Robbins: The legacy of Citizens United v Federal Election Commission | VailDaily.com

Robbins: The legacy of Citizens United v Federal Election Commission

This is the sixth installment in an ongoing, occasional series on seminal cases in American law.

Plenty of folks still have heartburn over this one.

Decided in 2010, this landmark United States Supreme Court case concerned campaign finance and blood is still a-boil over it. Before we get to the gobsmack it delivered though, let’s first note who the players were.

The Federal Election Commission is an independent regulatory agency whose purpose is to enforce campaign finance law in United States federal elections. Created in 1974 through amendments to the Federal Election Campaign Act, the commission is made up of six members, who are appointed by the president and confirmed by the Senate. By law, no more than three commissioners can be members of the same political party, and at least four votes are required for any official commission action.

The commission’s role is limited to the administration of federal campaign finance laws. It enforces limitations and prohibitions on contributions and expenditures, administers the reporting system for campaign finance disclosure, investigates and prosecutes violations (typically initiated by complaints from other candidates, parties, watchdog groups, and the public), audits a limited number of campaigns and organizations for compliance, and administers the presidential public funding programs for presidential candidates.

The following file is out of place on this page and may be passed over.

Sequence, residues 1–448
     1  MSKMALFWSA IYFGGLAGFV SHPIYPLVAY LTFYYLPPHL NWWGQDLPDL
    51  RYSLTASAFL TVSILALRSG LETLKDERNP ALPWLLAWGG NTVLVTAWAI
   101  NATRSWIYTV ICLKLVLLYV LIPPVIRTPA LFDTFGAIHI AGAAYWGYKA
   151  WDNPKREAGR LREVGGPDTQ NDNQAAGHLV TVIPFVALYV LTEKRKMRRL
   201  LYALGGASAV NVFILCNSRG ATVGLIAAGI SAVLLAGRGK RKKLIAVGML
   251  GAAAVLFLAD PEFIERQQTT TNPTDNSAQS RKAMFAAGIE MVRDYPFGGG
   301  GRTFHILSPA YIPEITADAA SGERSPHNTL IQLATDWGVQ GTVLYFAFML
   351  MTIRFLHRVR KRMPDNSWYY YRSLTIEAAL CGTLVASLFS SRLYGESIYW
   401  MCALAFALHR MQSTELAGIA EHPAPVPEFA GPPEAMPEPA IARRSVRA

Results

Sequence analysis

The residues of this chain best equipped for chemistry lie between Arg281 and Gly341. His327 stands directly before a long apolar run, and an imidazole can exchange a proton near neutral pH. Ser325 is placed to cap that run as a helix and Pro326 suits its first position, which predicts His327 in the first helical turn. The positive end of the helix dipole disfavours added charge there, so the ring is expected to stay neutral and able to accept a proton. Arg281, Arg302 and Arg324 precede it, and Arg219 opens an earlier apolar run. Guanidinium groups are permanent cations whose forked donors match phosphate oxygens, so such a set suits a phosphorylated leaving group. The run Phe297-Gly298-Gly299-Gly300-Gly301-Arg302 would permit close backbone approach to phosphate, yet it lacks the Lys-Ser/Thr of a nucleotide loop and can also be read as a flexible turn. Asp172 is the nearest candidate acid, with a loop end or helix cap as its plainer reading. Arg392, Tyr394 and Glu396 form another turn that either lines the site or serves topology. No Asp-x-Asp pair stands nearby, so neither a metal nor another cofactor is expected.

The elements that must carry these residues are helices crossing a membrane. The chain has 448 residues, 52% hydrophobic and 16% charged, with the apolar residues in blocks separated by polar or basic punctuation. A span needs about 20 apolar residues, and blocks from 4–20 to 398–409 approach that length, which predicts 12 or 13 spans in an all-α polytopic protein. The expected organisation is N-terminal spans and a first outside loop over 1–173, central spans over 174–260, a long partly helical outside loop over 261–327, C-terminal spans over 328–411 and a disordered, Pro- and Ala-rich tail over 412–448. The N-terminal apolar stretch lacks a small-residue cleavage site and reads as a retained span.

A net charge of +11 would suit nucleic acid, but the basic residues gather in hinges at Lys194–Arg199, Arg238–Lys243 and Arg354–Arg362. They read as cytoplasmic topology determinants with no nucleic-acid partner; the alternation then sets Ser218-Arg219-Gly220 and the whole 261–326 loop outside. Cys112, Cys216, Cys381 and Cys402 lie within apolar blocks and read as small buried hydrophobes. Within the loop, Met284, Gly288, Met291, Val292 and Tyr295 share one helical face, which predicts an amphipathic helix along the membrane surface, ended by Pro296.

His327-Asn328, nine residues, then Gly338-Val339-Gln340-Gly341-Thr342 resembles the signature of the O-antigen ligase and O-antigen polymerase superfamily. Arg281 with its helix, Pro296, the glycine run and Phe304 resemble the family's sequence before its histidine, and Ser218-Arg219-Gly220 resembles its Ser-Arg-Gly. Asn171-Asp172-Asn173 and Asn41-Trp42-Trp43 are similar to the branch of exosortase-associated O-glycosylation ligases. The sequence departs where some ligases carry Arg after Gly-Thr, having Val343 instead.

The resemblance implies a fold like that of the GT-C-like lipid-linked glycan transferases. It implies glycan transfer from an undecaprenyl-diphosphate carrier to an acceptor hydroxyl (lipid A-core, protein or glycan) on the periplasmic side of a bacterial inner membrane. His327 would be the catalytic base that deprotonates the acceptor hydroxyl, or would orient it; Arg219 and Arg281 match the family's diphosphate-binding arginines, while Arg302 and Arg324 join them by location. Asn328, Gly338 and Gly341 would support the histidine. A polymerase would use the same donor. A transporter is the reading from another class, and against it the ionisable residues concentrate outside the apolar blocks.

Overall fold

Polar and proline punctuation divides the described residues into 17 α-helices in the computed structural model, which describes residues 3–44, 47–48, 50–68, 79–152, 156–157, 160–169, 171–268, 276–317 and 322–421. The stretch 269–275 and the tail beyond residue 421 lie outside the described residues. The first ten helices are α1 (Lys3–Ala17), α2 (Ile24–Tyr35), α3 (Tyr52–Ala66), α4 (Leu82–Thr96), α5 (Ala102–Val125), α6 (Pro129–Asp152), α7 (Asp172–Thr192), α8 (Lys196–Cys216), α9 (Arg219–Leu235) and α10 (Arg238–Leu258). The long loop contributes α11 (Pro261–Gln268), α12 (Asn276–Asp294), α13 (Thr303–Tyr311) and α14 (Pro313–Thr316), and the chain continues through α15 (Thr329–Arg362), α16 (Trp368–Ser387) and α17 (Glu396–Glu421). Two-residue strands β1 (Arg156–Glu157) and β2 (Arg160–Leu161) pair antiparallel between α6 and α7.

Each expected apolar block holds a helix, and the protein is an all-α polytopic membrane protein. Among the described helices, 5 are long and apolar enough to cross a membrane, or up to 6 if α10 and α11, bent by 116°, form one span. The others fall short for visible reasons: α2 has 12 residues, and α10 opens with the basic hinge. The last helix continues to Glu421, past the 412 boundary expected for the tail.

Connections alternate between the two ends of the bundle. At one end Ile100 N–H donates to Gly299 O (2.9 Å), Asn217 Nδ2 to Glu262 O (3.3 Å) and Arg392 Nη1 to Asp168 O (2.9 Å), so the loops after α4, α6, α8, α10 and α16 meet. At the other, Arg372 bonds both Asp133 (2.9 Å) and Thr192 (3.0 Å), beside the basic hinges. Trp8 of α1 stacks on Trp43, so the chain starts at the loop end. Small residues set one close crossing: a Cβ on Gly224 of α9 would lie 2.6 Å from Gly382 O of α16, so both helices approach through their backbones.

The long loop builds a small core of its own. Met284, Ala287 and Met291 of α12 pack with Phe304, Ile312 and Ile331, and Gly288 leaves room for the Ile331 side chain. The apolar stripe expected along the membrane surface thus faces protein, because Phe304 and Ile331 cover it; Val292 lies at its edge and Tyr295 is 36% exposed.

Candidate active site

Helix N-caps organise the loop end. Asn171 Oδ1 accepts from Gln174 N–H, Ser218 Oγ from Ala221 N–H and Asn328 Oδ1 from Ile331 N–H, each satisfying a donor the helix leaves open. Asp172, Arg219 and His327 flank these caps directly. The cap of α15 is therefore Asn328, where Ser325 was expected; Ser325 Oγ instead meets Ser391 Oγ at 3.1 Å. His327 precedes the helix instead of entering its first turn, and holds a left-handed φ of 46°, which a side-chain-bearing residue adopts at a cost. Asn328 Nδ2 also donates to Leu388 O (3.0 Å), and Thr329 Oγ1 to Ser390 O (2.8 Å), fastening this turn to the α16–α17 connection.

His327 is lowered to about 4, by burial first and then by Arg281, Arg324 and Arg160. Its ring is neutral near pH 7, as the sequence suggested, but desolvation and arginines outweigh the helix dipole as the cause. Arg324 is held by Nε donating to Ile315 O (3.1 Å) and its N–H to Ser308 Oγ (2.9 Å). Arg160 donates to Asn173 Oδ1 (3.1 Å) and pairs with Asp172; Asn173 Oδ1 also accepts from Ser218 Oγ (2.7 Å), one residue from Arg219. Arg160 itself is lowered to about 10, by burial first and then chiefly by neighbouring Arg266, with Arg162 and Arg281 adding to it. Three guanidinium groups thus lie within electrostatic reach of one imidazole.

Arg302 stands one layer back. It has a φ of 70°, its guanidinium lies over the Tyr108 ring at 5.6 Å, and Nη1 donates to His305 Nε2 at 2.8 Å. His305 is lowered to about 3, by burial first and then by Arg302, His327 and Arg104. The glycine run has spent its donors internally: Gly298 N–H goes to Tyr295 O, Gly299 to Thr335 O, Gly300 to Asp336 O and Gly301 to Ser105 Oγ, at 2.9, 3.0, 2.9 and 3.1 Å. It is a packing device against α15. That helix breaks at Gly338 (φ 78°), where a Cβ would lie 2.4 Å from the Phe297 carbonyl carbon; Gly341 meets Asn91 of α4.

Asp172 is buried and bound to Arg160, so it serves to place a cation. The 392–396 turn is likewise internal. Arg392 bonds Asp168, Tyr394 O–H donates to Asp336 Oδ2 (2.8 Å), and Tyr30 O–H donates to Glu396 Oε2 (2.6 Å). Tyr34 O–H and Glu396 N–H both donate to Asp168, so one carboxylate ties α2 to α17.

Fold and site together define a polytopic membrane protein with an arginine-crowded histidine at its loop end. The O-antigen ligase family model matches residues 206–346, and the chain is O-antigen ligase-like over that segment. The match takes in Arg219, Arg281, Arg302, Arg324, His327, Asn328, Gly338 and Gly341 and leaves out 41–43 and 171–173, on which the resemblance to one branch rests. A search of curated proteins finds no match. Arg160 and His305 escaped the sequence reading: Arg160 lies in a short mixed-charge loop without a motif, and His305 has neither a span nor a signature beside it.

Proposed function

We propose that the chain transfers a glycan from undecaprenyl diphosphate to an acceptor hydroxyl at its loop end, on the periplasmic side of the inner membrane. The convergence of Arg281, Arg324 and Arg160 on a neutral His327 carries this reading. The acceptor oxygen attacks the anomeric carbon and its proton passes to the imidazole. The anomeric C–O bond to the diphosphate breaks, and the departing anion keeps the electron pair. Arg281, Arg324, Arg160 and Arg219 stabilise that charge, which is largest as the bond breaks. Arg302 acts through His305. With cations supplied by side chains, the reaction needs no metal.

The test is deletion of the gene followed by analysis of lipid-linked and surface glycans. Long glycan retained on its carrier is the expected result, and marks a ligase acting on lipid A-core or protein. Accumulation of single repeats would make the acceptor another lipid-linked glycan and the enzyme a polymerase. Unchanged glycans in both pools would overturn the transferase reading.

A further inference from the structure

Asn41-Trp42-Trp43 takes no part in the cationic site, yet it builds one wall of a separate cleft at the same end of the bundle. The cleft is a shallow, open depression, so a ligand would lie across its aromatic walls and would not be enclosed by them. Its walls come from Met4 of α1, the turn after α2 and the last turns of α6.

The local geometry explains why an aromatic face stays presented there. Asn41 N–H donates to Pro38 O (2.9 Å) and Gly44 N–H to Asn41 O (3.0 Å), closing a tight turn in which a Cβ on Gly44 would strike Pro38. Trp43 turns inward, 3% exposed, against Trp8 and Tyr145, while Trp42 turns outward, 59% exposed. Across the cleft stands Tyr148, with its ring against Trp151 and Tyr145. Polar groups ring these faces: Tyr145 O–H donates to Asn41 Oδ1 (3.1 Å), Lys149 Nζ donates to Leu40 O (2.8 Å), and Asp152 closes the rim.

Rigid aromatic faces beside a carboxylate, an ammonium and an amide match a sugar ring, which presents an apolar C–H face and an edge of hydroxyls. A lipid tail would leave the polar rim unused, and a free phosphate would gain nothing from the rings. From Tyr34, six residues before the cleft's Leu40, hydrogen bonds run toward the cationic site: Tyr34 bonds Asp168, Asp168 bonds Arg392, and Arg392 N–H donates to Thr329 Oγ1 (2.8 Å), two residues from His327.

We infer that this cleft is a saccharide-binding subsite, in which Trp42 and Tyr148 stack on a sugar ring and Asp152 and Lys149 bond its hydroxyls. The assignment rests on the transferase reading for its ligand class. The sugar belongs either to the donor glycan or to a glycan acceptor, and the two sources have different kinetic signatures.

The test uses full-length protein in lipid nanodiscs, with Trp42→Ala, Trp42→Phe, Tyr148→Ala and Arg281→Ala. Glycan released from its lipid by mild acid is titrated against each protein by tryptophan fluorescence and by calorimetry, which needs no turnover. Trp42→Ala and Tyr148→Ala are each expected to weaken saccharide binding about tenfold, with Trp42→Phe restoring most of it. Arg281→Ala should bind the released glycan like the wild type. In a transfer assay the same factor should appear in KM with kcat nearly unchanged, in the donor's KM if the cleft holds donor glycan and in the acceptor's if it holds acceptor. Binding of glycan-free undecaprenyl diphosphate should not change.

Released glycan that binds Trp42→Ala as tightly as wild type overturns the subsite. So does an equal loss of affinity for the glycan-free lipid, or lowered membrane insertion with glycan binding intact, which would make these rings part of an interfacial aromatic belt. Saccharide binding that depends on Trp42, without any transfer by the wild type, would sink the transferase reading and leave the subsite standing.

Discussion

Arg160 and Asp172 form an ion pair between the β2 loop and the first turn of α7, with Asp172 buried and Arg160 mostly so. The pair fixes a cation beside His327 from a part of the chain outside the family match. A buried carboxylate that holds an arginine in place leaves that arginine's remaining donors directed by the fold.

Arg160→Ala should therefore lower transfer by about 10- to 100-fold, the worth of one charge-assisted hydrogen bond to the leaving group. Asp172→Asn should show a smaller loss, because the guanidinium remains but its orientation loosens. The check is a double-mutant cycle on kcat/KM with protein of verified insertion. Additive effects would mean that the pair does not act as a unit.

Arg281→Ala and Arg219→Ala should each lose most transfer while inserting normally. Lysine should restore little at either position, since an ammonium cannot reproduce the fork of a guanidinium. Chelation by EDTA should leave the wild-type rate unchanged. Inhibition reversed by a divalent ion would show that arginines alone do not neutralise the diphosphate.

Citizens United was, and is, a conservative Public Action Committee in Washington, D.C.  While many people think of a PAC as synonymous for a lobbying group, that’s not quite right. Instead, a PAC, is a 527 (that is, nonprofit) organization that pools campaign contributions from members and donates those funds to campaigns for or against candidates, ballot initiatives, or legislation. At the federal level, an organization becomes a PAC when it receives or spends more than $1,000 for the purpose of influencing a federal election, and registers with the FEC.